PHILADELPHIA -- They might have left it late for a comeback win, and the overall performance certainly wasn't pretty. But after heading into halftime down a goal, this young U.S. national team showed its growing maturity by finding a way past Panama, 2-1, to advance to the Gold Cup semifinals for the fourth consecutive tournament.
"It was a challenge to the team to be in that spot at halftime," U.S. coach Bob Bradley said afterward. "It felt good that the response was strong."
With the win, the two-time defending Gold Cup champs extended their home unbeaten streak against CONCACAF opponents to 57 games -- even though they had to wait a little longer than usual to get it.
Said Bradley, "When we didn't finish the game in regulation, you still got a sense that the mentality was, 'We're gonna take care of this thing.'"
U.S. fans shouldn't be surprised that Panama proved a tough out. Although it has never beaten the Yanks, games between these teams in recent years almost always have been tight.
And when you consider that Panama brought its first-choice squad to the Gold Cup while Bradley's starting lineup featured eight players with fewer than 10 career caps, you have to give a good deal of credit to the Americans.
Bradley's starting 11 got even greener before the game was 45 minutes old. Captain Jimmy Conrad was forced to leave the match after sustaining a concussion just before the intermission. He was replaced by Clarence Goodson, who was immediately beaten to the header that set up Blas Perez's goal in first-half stoppage time.
In fairness, Goodson, like the rest of the patchwork U.S. back line, rarely put a foot wrong the rest of the way.
Actually, both individually and collectively, the Americans performed better than the overtime result might indicate. Still, it was far from a perfect game.
Bradley's men outshot their opponent 16 to 3, but they clearly were frustrated at times by the Panamanians' physical defending and borderline dirty play.
The U.S. players also were unable to turn a considerable advantage in possession into sustained, effective pressure in the final third. And they didn't seriously test Panama keeper Jaime Penedo often enough despite the huge advantage in shots.
The best spell for the Yanks came during the 20-minute stretch after the equalizer.
"But as the half went on, I thought we lost a little sharpness," Bradley said. "That's what we emphasized going into the overtime."
The strategy paid off, and now the Yanks are headed to Chicago to face Honduras, a team they beat 2-0 in group play, in Thursday's semifinal.
Bradley wouldn't say whether he'll call back any reinforcements for that match -- several players on the roster were released earlier in the tourney or given time off following last month's Confederations Cup -- but he confirmed that Conrad would be replaced if he is ruled out this week. For the rest of the group, it'll be a quick turnaround.
"We're going to have to recover quick," Beckerman said. "This definitely took a lot out of us. I don't think many of the guys have played an overtime match in a while."
Player ratings (scale of 1-10):
GK, Troy Perkins, 5: Quiet night for the former D.C. United keeper. Had zero chance on Panama's goal at the stroke of halftime.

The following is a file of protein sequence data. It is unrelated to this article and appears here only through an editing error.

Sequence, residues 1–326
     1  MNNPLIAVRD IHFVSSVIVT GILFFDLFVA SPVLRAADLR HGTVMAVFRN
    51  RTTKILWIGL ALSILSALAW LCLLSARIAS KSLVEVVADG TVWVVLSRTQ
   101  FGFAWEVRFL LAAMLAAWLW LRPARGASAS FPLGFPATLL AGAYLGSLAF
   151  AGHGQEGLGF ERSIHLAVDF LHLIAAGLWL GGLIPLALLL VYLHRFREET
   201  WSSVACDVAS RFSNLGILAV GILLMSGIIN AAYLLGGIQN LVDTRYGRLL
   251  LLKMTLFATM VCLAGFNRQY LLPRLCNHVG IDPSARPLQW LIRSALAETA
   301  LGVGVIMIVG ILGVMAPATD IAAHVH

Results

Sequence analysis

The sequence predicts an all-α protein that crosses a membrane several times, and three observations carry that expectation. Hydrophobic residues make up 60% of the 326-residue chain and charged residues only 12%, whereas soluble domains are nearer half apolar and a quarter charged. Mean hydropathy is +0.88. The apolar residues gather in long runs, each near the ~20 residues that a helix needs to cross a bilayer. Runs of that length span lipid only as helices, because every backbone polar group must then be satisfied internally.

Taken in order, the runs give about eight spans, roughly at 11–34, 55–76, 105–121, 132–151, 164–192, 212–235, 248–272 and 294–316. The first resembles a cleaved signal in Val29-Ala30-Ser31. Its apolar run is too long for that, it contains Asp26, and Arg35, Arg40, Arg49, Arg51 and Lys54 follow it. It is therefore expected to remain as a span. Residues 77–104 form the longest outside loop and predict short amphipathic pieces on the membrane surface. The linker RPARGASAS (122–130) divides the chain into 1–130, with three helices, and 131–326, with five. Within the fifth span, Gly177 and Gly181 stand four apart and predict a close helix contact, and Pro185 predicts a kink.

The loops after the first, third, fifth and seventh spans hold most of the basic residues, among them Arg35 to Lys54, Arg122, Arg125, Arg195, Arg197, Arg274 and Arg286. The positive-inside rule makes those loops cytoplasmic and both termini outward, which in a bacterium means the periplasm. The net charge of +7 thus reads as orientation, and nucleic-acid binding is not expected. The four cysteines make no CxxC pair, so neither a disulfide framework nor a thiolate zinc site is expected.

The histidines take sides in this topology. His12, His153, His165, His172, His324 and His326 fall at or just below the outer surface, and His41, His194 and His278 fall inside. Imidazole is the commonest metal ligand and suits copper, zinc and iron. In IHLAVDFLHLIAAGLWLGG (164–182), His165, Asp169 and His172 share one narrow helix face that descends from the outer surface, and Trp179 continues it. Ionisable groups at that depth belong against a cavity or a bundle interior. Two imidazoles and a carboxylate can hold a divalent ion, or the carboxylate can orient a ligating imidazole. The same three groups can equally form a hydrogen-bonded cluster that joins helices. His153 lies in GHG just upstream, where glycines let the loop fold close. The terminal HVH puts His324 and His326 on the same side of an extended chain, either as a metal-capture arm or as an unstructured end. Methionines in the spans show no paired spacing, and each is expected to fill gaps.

D, Heath Pearce, 6: Nearly capped a competent performance with an overtime goal. Still has a ways to go before reclaiming first-choice status for Bradley's A-team.
D, Chad Marshall, 5: Caught slightly flat-footed on Panama's goal but organized well after Conrad's early departure.
D, Jimmy Conrad, 6: Was a beast during the first half; only blemish was a silly yellow 12 minutes in. Subbed out early and taken to a local hospital for evaluation after nasty collision with Perez just before halftime.
D, Jay Heaps, 6: Appeared to be the weakest link before the match but more than rose to the occasion in just his second appearance for the U.S. It helped that Panama rarely attacked down his right side.
M, Logan Pause, 5: Worked tirelessly, as always, and did what was asked of him: snuff out potential fires and play simply. For the most part, he accomplished both.
M, Stuart Holden, 7: Was the most dangerous U.S. player from start to finish. Would have had a pretty assist in the opening minutes, but Brian Ching couldn't convert from his club teammate's cross.
M, Kyle Beckerman, 8: His fine Gold Cup form continues. Great work rate, movement and on-the-ball decision-making. Made no mistake on his howitzer of a goal. Too bad he's behind a deep pool of players in the central midfield depth chart.
M, Robbie Rogers, 4: Delivered the cross that led to the Americans' first goal but consistently coughed up the ball and was exposed defensively all night.
F, Davy Arnaud, 5: Nice layoff on Beckerman's blast but drifted out of the game for long stretches.
F, Brian Ching, 6: Typical Ching performance: He held the ball expertly, created chances, made clever decisions -- but couldn't manage to score. Shook the post with a powerful first-half header, though.
D, Clarence Goodson, 5: Beaten to the ball that set up Perez's strike, but rock-solid for the remaining 64 minutes after replacing the injured Conrad.
F, Kenny Cooper, 6: Created the overtime penalty and showed confidence by stepping up and converting with aplomb. Did little else of note, except badly shank a free header toward the end of regular time.
M, Brad Evans, N/A: With his team ahead, helped hold down the fort for the final 10 minutes.
Doug McIntyre is a soccer columnist for ESPN The Magazine and ESPNsoccernet.